A dispassionate and well-reasoned argument. None of the other books on the ‘boy crisis in schools’ or ‘pushout of girls in schools’ or ‘myths about the Black male crisis’ deal in such a devoted fashion with both the case of all-Black male schools and philosophy.”–Tiffany Willoughby-Herard, University of California at Irvine
Melissa Shaw: What are the principal findings or arguments of your book? What do you hope readers take away from reading it?
Keisha Lindsay: My book makes three main arguments. First, the move to establish ABMSs is part of Black people’s well-established recognition that the classroom is an important site for resisting racism. To this end, many supporters, including Black male supporters, of the approximately forty ABMSs established to date, correctly emphasize that such schools help to counter under-funded urban classrooms, white supremacist teachers, and other kinds of structural racism in the nation’s public educational system.
Second, the same anti-feminist ethos that is sometimes present in #Black Lives Matter and other expressions of contemporary Black politics is also evident among some Black male advocates of ABMSs. Put more explicitly, despite their best intentions, some of these supporters minimize Black girls’ own oppression in the classroom. A number of these supporters also mistakenly presume that hyper-feminine women teachers, including Black women teachers, and hypersexual Black girls are to blame for Black boys’ academic underachievement.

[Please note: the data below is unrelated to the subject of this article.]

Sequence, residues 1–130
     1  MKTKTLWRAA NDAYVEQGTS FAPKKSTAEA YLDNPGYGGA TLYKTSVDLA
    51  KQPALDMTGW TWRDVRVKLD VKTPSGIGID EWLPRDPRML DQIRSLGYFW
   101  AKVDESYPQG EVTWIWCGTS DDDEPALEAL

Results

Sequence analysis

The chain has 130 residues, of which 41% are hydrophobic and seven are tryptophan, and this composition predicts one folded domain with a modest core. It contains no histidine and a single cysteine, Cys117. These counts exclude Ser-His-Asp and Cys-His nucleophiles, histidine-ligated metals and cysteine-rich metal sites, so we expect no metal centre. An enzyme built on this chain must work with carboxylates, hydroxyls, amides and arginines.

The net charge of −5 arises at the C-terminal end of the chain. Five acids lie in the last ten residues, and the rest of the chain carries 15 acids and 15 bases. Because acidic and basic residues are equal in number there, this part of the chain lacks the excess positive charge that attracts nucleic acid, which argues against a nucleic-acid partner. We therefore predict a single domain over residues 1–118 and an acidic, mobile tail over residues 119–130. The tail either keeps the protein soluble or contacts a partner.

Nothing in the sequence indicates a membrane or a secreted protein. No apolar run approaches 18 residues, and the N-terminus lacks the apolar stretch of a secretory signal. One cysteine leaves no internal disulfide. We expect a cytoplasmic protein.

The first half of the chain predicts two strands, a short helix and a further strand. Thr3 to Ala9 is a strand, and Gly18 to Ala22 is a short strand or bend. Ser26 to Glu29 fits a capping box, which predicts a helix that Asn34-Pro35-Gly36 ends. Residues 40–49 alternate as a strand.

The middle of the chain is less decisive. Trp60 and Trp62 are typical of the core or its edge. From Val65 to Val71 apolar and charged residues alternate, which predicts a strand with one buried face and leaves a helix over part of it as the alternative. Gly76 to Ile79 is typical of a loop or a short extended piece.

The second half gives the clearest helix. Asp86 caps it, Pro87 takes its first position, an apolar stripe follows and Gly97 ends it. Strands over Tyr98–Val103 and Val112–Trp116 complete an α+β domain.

My book reveals, too, that intersectionality is not always a Black feminist construct. Instead, it is a politically fluid framework that can be used to foster diverse, complex agendas. The push to open ABMSs is no exception. Many advocates of these institutions embrace the logic of intersectionality when they cast Black boys as victims of masculinized racism. Masculinized-racism involves, among other things, white women teachers’ failure to acknowledge Black male students’ supposedly testosterone-driven, “naturally” aggressive learning style. This particular use of intersectionality rightfully challenges racist white teachers’ beliefs and practices. It also perpetuates flawed gender-based stereotypes of boys, including Black boys, as aggressive learners and of girls, including Black girls, as pliant, passive learners.
I want readers to recognize that it is possible for Black people to form progressive antiracist and feminist coalitions even when we conceptualize our experience of oppression in ways that threaten bridge building. The way forward, as it relates to ABMSs, involves embracing educational advocacy that strives to create classrooms in which Black children of all genders can achieve. What this means, in practice, is using accessible, community-based spaces to critically challenge our assumptions and our demands regarding how and why Black children are oppressed in school. It also means defining “good” public schools as those which foster all Black children’s capacity for self-determination and for imagining what democracy looks like in the classroom and beyond.